HUDSON–Noise from school air-conditioning disturbs nearby residents, according to a statement presented to the Hudson City School District Board of Education at the board’s meeting Monday, August 24.
At the same meeting district officials announced that student test results have improved in some areas, especially writing.
In the public forum session, Carol West spoke about people who live on Cedar Parkway, Gifford Parkway, and Riverview Boulevard and are annoyed by the sound of air-conditioning from the Hudson Junior/Senior High School. “You can stand in front of the school and not hear it,” she said. “But it carries across the hillside,” bothering people trying to enjoy their yards. She distributed to board members a statement, signed by 17 households, that the air-conditioning noise adversely affects “the quality of life in our neighborhood.”
This is not the first time neighbors have called this situation to the attention of the school board; last year they met with Buildings and Grounds Superintendent George Keeler.
In summer, the air-conditioning is loud all day on weekdays until about 8 p.m., Ms. West said. It became worse when the Junior High was equipped with air-conditioning.
Board Vice President David Kisselburgh suggested discussing the matter at the upcoming Facilities Committee meeting that was scheduled for August 26. District Business Executive Robert Yusko suggested that possibly the capital improvement project now being designed could address the problem.
On another topic District Superintendent Maria Suttmeier announced that from 2013-14 to 2014-15, for 3rd through 8th grade, standardized test results have shown an increase in the proportion of students at levels 3 (described as meeting the proficiency standard) and 4 (exceeding the proficiency standard) by three percentage points for ELA (English/Language Arts) and 2½ percentage points for math. Coordinator of School Improvement April Prestipino announced that “the gap has been eliminated” between students from Hudson and those from nearby other districts in the written response section of the tests. “A major focus in the Intermediate School in the past two years has been to help students become better writers, “ Ms. Prestipino noted.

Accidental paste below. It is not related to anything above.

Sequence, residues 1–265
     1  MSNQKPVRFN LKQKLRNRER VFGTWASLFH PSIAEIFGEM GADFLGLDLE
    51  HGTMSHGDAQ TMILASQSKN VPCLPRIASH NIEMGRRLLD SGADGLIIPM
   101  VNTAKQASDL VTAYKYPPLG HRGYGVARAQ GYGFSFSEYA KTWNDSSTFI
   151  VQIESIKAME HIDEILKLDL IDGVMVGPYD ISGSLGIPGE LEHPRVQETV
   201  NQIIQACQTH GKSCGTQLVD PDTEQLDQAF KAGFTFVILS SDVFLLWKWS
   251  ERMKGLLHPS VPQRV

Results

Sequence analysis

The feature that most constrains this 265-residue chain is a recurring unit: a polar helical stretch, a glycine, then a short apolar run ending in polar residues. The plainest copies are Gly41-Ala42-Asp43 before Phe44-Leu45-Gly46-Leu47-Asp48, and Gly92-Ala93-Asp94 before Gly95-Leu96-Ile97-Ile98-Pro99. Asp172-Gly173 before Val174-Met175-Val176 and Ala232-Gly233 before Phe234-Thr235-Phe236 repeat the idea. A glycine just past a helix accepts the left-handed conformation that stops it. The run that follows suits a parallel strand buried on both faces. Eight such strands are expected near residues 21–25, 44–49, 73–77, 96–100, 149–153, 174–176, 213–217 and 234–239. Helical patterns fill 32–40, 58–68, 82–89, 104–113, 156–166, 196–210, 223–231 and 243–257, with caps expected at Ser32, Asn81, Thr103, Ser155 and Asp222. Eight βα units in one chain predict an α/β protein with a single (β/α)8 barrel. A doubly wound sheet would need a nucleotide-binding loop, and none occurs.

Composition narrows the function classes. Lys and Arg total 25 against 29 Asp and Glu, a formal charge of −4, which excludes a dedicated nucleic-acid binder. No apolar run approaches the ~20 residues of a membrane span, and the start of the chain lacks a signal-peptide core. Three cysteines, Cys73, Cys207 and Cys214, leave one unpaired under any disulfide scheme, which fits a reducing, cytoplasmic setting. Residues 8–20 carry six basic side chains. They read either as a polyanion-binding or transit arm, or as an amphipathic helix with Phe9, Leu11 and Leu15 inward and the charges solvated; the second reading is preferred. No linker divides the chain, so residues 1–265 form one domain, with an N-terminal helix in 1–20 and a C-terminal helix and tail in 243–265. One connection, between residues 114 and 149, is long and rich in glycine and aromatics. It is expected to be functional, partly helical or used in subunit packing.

But Superintendent Suttmeier cautioned, “We have too many students at Level 1 [below standard]. We need to move. We’re looking at everything–including the sequence in which we teach topics.”
Also at the meeting:
- The Board and Ms. Suttmeier welcomed new teachers who appeared at the meeting: Courtney Diefenbach, who will teach Special Education at John L. Edwards Primary School, and Jamie Rodriguez, who will teach Spanish at the High School. Ms. Diefenbach comes to the Hudson City School District from Coarc. Ms. Rodriguez comes from three years of teaching Spanish at a middle school in Poughkeepsie. “I have a passion for Spanish,” she said. “And I hope the students can learn from my passion”
- Dolly Sacco, who also appeared at the meeting, received a Certificate of Appreciation for serving the district since 1968 as a teacher’s aide, a substitute teacher and a teacher (of French). She started working for the district at the Claverack School
- Ms. Suttmeier read a letter from state Assembly member Didi Barrett (D-106) congratulating the high school track coach and his team for winning state championships
- A few places remain open for the afternoon pre-kindergarten class. “Every year we have about 150 students for kindergarten,” Superintendent Suttmeier said. “Where are they the year before for pre-kindergarten?”
- Mr. Yusko spoke of the capital improvement plan being prepared by the district. Some aspects of it will respond to state mandates, among them, replacing the bleachers at Montgomery C. Smith Intermediate School. But the plan will also contain long-discussed projects, including a high school a track and soccer field. Currently several varieties of this project are under evaluation. Some include real grass, some artificial turf.
With artificial turf, “you save on maintenance costs,” said board member William Kappel.
But Mr. Yusko said that with real grass, the district would need to budget for turf replacement every five to ten years.
The next school board meeting will take place Monday, September 14, at 7 p.m. at the Hudson High School library.